Architectural Digest: River House
Written by: Basil Walter | | Photography by: William Waldron | Original Article
You can’t go home again, the adage says, but a fortunate few do manage in one way or another to revisit places that hold cherished memories from their youth. Some, like Willa Cather and Mark Twain, do it through their art, describing remembered places in idyllic memoirs. For others the return is literal: For instance, the artist Jeff Koons bought back the farm in southeast Pennsylvania that once belonged to his grandparents and has been renovating it as a country retreat for his family.
I got the chance to go home again in a different way. In 2007 I was hired to design a modernist house along the Hudson River, in upstate New York, on the very farmland where my grandparents once lived. The farm had a historic pedigree. In the late 19th century it was the country estate of Frederick T. Adams, a successful financier and yachtsman who summered there with his family. Adams built a grand house at the highest pointn on the 140-acre tract, where a meadow meets a ridge, hence the property’s name, Meadow Ridge Farm. The spot affords sweeping views of the Hudson to the east and the Catskill Mountains to the west. On the farm’s western side, the meadow is filled with tall grasses and wildflowers when left fallow. At the opposite end, just beyond the forested ridge, are steep shale cliffs plunging to the river.
My grandparents, Gertrude and Jay Warner, were tenant farmers who lived in a two-story frame house on the estate. They had moved to the town of Coxsackie after the Great Depression, seeking work in the icehouses along the Hudson. But they eventually settled into tending Holstein dairy cows at Meadow Ridge Farm, which became their home for the next half-century.
Though I grew up mostly in Brazil, where my parents were teachers, I spent long periods at the farm. I even graduated from the local high school and made lifelong friends in the community. Then, after my grandmother died and my grandfather’s health declined, I interrupted my college studies and moved to the farm full-time to help him out. I stayed for three years, until his death, when the property was sold and out of my life—forever, I thought.
I have many vivid memories of time spent there, of baling hay with my grandfather, who liked to spout poetry to lighten the task, and of shoveling our way out of the snowbound farmhouse—a genuinely exotic experience for someone raised in Brazil. I came to know the landscape intimately, often sketching studies of it in charcoal or watercolor for classes at the local Woodstock Artists Association.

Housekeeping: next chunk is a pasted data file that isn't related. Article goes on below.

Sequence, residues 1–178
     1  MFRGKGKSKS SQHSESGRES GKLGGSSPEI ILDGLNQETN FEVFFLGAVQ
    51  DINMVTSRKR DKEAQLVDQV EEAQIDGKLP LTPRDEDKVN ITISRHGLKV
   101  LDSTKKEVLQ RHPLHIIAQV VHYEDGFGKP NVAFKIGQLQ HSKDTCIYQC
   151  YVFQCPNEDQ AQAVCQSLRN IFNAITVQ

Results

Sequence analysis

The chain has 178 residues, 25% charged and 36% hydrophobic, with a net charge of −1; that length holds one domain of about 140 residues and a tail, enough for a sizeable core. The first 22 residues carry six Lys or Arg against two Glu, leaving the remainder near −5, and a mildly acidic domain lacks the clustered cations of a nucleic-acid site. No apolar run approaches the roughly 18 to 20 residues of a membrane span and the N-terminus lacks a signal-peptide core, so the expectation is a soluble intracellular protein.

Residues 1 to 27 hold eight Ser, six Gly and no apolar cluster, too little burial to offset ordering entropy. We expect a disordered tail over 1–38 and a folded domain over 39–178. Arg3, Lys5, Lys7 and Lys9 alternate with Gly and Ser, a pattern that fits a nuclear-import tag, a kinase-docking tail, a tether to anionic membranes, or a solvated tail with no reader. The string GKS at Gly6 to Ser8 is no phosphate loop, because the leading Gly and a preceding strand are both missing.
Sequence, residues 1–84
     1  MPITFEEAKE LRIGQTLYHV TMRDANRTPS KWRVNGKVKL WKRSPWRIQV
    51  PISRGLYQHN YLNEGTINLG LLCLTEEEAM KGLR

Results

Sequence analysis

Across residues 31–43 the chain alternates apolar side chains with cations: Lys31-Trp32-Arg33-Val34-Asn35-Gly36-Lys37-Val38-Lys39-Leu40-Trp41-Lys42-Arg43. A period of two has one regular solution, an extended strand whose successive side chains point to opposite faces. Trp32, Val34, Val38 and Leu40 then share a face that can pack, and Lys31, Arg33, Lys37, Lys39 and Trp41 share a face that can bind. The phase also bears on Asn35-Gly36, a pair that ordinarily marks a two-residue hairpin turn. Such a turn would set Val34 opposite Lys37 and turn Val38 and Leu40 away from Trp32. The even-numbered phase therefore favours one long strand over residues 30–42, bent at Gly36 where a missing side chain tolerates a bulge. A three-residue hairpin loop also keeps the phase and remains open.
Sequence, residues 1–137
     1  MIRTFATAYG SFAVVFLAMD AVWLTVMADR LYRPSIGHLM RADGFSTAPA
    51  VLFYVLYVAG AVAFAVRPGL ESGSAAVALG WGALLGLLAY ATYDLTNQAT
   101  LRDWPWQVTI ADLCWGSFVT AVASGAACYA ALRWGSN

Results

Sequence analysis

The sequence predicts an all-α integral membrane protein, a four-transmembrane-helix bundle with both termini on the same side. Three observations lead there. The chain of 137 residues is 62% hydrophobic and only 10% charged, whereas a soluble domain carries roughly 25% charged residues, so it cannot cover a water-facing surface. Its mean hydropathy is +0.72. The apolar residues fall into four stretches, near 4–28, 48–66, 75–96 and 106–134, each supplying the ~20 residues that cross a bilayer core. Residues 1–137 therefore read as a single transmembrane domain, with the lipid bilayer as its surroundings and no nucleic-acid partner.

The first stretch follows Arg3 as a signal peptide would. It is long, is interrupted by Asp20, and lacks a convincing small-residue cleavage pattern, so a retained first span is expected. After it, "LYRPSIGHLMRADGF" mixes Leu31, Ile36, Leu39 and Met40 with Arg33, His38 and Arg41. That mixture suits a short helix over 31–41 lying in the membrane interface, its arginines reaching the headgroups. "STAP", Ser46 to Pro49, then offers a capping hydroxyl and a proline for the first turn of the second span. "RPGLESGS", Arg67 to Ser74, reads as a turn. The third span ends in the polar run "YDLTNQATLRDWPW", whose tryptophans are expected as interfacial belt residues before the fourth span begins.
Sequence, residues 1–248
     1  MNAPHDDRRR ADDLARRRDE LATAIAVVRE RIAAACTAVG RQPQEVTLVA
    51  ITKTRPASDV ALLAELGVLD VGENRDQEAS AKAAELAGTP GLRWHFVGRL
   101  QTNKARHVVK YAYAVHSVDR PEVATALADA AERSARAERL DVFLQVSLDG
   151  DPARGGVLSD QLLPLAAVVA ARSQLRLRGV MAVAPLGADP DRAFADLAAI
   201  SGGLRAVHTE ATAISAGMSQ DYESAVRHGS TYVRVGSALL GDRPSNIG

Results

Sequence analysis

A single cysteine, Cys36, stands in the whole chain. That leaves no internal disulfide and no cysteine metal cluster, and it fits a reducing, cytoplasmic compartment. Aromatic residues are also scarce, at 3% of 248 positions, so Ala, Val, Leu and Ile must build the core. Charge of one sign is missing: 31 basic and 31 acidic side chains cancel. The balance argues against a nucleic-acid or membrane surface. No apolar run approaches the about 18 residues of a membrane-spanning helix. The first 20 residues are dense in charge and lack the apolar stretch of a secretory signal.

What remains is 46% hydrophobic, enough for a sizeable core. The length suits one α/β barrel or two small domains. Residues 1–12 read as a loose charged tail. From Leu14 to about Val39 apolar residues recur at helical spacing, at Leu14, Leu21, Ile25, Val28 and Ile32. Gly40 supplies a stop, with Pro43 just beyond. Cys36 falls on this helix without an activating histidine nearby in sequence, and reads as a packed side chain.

Several years ago, an old friend who lives in the area reached out to let me know that Meadow Ridge Farm was for sale. As fate would have it, one of my longtime clients happened to be considering a weekend getaway upstate and decided to buy it. He asked me to create a residence on the property for him, specifying that he wanted a home that was clean and simple, to contrast with his book-cluttered Manhattan apartment (he’s a writer), a space I also designed. The obvious place to build was the top of the ridge, the prominent spot where Adams put his big house, which had burned down in the 1990s. (A few of the other 19th-century structures remain, including my grandparents’ home, which my firm restored as guest quarters.) We decided, however, to put the new house by the river, above the shale cliffs and nestled into the woods, a location that offered superior views of the Hudson and greater privacy.
It was a familiar site, where decades earlier my brother, Matt, and I had imagined ourselves to be Mohicans, hiding behind trees and shooting plastic-tipped arrows at each other. The idea was to create a home informed by my connections to this place as well as by contemporary architectural considerations, among them green features such as photovoltaic panels, geothermal wells, and a passive cooling system. The design was also influenced by my childhood memories of visiting Oscar Niemeyer’s modernist buildings in Brasília in the early 1960s—when much of the city was still under construction—melded with mental pictures of Philip Johnson’s Glass House, Shigeru Ban’s floating slabs, and Barry Bergdoll’s notions about the 18th- and 19th-century roots of modernism.
The house was conceived as a visual metaphor for the old black-walnut trees that surround it. Clad in a skin of dark and weathered-looking concrete panels that almost resemble bark, the structure is lined on the inside with warmly finished wood, some of it reclaimed from the Coney Island boardwalk. Throughout the residence, recessed expanses of glass—topped by generous overhangs that shield the interiors from the hot summer sun—frame vistas of the fields, woods, and river, just as I framed them with my hands 30 years earlier for my sketches. Using cantilevers, I floated the main body of the house slightly above the grade, setting it lightly upon the landscape. From the entrance courtyard only a tantalizing sliver of the Hudson is visible, but a few steps up through the front door suddenly reveals views of the steep and dramatic drop to the fast-flowing river below.
During the planning phase and over the three years of construction, several other people in my office worked on the project. And I was incredibly lucky to have Poonam Khanna oversee the interior design and furnishings, and landscape architect Susan Wisniewski devise and implement changes to the grounds around the house. Returning to Meadow Ridge Farm today still provokes powerful emotions for me. But now those feelings have an added dimension: a sense of fulfillment at helping to shape a future for this beautiful piece of land, where a new family is already creating its own special memories.